“I left Dartmouth having had my own incredibly debilitating experience there, but I assumed it was just me. The men who were involved in perpetuating these events were incredibly good at what they did,” said Brown, who worked as a graduate student in Whalen’s lab from 2010 to 2015, before being hired as an adjunct professor in 2017.

“We were forced into a code of silence,” she said.

During her first term working with Whalen, the professor told Brown that a previous student who filed a complaint had been “iced out” of the field and “got what was coming to her,” she said. Even so, she didn’t anticipate the pervasive culture of harassment she would find in the department, which the lawsuit describes as a “21st Century Animal House.”

The professors bragged about how “hot” their students were and displayed bias in hiring only young women they found attractive, according to the suit, which also claims the men regularly talked about their genitals, pressured female students to get dangerously drunk with them, sent lewd pictures, and then declined to meet with students for academic guidance if the women refused the advances.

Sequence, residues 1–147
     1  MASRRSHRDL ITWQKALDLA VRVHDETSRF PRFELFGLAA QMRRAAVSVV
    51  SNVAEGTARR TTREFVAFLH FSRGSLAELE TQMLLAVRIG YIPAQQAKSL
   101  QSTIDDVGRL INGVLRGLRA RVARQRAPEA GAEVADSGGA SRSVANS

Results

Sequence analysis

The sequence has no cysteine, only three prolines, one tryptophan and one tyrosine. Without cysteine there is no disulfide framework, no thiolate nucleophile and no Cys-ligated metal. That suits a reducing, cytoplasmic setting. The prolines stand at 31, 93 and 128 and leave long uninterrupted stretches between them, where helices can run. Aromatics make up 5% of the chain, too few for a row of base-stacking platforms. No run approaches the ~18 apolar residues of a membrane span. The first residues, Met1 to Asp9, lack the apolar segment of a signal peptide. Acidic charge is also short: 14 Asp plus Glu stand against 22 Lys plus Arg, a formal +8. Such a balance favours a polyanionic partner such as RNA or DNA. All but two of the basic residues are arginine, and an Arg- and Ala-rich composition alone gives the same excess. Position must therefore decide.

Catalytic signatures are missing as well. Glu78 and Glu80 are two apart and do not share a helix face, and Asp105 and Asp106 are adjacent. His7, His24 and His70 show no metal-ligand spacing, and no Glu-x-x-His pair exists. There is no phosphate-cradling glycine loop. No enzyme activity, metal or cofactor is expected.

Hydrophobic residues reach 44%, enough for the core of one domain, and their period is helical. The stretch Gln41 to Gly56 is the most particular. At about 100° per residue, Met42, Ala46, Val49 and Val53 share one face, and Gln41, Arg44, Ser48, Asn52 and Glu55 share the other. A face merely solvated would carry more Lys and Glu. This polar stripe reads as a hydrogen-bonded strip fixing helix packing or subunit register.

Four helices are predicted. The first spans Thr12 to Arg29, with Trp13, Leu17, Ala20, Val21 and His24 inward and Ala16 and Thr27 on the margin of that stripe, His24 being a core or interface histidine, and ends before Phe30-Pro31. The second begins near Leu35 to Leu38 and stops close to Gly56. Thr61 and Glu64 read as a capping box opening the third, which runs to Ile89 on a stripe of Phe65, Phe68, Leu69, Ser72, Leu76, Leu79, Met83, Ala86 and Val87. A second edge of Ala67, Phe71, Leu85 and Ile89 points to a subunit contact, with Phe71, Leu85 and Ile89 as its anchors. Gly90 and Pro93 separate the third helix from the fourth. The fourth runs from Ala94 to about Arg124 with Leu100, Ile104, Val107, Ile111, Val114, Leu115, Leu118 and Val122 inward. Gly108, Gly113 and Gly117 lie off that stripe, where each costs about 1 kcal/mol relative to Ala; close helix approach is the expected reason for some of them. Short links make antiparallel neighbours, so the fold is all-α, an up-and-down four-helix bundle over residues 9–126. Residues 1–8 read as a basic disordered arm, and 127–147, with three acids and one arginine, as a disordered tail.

Once, following a Super Bowl party, Whalen groped Brown’s buttocks and winked at her while they were standing next to his wife, according to the lawsuit.

Courtney claims that, among other unwanted attention, Whalen talked to her about the shape of her breasts and once grabbed her face and and said “you are the prettiest girl in the room.”

Multiple plaintiffs also said the professors made public comments about their breasts and which women they would have sex with. They pressured students to drink during weekdays and while at conferences, often at the detriment of their academic work. Two of the women said the professors forced them to have sex against their will.